Alec Samuels explains who qualifies for the order, the process of applying for one and how creditors are protected from unscrupulous behaviour
Every solicitor should be aware of the debt relief order (DRO), and if necessary should pass the essential information to the relevant client. Financial advisers, debt counsellors and advisers, to be found in CABx and similar institutions, also need to be aware.
The DRO is intended for those who are or have become ‘too poor to go bankrupt’ and cannot even afford the fees to go bankrupt in the normal way. They have no income and no assets to speak of. The DRO is a sort of poor man’s bankruptcy.
A DRO is available if, after allowing for essentials such as clothing, furniture, household equipment, tools of trade and a modest domestic motor vehicle, the debtor has less than £50 a month surplus income exceeding the amount necessary for the reasonable domestic needs of himself and his family, £300 property (excluding pension rights) and the qualifying debts amount to no more than £15,000.
A DRO is not available to a debtor if he is an undisclosed bankrupt, subject to an interim order or voluntary arrangement, or subject to a bankruptcy restrictions order or a debt relief restriction order, or a debtor’s or creditor’s petition for bankruptcy has been presented.
Application for a DRO is made to the official receiver (OR) by an approved intermediary (AI), approved by a competent authority designated by the secretary of state such as a specialist debt counsellor or adviser. The OR must be satisfied that the debtor has correctly listed the ‘qualifying debts’ (liquidated sums). The debtor must provide assistance to the OR, and inform him of any change in circumstances.
Secured debts, such as a mortgage, are excluded. The mortgagor will no doubt either sell up or seek to persuade the mortgagee to suspend repayments, or take interest only, or capitalise the payments as they fall due by extending the length or the amount of the mortgage. In order to avoid homelessness the OR may consider a reasonable regular mortgage payment to be necessary. Student loan deductions are also excluded, and continue to be made. The DRO must comply with the statutory conditions in schedule 4ZA.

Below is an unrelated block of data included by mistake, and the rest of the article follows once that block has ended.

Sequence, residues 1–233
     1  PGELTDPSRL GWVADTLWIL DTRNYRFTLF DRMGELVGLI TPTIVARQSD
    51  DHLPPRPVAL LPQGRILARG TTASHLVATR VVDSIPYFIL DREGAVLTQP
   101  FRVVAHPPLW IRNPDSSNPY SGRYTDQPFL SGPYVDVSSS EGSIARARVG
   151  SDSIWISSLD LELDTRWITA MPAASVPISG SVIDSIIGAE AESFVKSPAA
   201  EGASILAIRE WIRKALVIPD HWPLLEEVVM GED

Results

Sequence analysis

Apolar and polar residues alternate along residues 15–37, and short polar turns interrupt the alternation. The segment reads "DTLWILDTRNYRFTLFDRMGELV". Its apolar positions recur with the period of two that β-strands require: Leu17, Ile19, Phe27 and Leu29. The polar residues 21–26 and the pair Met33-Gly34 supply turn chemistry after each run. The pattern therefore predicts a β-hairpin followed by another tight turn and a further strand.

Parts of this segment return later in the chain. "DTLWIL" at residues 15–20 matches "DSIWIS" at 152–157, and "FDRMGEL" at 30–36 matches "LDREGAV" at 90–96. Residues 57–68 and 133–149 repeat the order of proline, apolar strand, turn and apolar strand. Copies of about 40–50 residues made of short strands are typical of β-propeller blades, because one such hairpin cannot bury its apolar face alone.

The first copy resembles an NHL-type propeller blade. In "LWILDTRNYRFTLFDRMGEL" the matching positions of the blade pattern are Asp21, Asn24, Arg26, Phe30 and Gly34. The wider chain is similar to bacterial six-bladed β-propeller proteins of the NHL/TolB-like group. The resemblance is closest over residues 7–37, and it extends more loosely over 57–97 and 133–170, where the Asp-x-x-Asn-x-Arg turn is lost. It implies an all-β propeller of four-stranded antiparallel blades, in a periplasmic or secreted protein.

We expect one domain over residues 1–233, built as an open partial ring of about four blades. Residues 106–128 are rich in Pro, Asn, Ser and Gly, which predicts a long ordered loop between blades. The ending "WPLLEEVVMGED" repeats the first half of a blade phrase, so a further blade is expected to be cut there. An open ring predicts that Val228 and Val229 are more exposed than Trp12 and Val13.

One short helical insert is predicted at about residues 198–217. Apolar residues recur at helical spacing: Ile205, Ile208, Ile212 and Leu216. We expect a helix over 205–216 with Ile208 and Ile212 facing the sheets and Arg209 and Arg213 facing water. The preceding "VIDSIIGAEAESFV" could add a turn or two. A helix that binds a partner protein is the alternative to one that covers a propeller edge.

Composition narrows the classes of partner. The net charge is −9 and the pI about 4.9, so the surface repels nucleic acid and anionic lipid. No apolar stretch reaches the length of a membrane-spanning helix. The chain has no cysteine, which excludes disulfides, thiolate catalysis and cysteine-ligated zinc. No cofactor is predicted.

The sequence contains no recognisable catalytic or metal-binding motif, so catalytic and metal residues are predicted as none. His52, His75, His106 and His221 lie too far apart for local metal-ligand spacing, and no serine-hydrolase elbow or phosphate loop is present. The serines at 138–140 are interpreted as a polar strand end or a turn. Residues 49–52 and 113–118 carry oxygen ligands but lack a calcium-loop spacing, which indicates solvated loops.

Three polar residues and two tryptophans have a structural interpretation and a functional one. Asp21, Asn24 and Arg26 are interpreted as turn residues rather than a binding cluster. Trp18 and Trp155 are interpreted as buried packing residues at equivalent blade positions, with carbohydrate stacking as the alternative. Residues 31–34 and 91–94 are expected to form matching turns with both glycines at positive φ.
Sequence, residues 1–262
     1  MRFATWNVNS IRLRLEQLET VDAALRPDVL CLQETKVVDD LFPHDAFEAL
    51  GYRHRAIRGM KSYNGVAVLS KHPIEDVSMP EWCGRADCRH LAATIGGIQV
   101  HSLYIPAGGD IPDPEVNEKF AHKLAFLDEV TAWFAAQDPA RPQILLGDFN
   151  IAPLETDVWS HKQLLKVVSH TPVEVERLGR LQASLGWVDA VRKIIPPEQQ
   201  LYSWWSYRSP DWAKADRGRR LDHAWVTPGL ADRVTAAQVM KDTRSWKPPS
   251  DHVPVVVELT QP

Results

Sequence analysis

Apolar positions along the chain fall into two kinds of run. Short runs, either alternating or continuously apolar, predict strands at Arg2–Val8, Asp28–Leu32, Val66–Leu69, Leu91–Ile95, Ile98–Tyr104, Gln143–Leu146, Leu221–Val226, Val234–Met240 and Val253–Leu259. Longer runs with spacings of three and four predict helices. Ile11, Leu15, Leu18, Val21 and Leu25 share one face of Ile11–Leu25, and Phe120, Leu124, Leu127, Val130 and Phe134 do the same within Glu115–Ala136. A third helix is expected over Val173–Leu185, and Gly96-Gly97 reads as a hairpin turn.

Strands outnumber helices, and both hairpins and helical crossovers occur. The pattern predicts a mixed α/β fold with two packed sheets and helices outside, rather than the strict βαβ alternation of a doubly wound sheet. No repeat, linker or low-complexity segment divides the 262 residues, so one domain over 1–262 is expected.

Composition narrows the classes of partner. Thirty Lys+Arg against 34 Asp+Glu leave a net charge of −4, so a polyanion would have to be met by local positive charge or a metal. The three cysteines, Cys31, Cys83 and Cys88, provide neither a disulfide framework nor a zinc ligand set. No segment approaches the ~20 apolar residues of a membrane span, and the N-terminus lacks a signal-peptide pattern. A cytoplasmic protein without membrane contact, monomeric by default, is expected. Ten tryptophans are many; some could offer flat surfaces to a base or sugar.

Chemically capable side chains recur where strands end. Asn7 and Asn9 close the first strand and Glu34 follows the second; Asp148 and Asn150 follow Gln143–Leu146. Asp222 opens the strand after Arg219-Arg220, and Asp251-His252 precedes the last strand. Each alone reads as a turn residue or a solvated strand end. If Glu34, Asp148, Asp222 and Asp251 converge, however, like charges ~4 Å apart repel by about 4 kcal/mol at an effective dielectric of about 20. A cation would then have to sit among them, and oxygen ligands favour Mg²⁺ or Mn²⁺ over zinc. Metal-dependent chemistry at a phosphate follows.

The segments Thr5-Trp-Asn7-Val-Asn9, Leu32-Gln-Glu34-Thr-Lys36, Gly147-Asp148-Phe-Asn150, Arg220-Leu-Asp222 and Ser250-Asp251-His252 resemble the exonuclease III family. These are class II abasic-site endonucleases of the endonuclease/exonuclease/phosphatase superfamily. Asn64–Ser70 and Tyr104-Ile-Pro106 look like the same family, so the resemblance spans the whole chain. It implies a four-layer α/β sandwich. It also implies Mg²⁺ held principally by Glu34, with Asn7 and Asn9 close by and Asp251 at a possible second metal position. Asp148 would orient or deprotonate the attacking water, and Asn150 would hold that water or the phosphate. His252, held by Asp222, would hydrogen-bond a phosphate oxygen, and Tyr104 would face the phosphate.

The creditors may object to the making of a DRO, but in practice there may be little point in doing so, unless there is evidence of fraud or serious impropriety. The DRO lists the qualifying debts. The DRO is registered centrally.
The right of the creditors to seek a remedy for the debts is then subject to a 12-month moratorium, subject to extension by the OR. During the 12 months the debtor is as if adjudged bankrupt. The creditors have no remedy. Then 12 months from the making of the DRO the debtor obtains an automatic discharge and release. The ‘slate is wiped clean’; though not in respect of fraud.
The OR may always amend or revoke the DRO. DRO proceedings will not normally come to court, but the OR may always seek directions if he feels the need; for example, in the case of lack of cooperation, or fraud.
Naturally false representations and omissions, concealment or falsification of documents, fraudulent disposal of property, fraudulent dealing with property obtained on credit, and obtaining credit or engaging in business are offences.
The DRO may be seen as a golden opportunity to irresponsibly run up debts, go bust, and escape all liability
In bankruptcy proceedings in an appropriate case the judge may refer the matter to an approved intermediary AI with a view to transfer to the DRO procedure.
Social security deductions
Millions of pounds are paid out by the social security authorities as a result of misrepresentation or non-disclosure (overpayments). The practice is for those overpayments (but not overpayments made by mistake) to be recovered by way of deductions from future payments, a sort of debt recovery process. Loans are recovered in the same way. Suppose the recipient of a loan and deduction arrangement becomes subject to a DRO, can the deductions continue to be made? The Supreme Court in Secretary of State for Work and Pensions v Payne  UKSC 60 has decided no, the debt is irrecoverable both during and after the end of the DRO. Parliament probably did not intend this result, if indeed the matter was ever considered, and a legislative ‘rectification’ may be expected.
The tenant of rent-controlled premises overpaid the rent to the landlord, and accordingly acquired the statutory right of deduction from future rent payments. The landlord’s trustee in bankruptcy sued for the full rent but failed. The statutory debt and the statutory right of the tenant to recoup remained, and it was not discharged in the bankruptcy (Bradley-Hole v Cusen  1 QB 300 CA). This decision is not affected by Payne, thought the lords recognised a certain lack of logic and consistency in the law.
Debt relief restriction order
In order to protect creditors against any culpable or flagrant conduct or behaviour after 6 April 2009 on the part of the debtor to the detriment of creditors, a debt relief restriction order (DRRO) may be made, lasting for a period of between two and 15 years, thus preventing an unscrupulous debtor obtaining a DRO and consequent discharge and release of debts.
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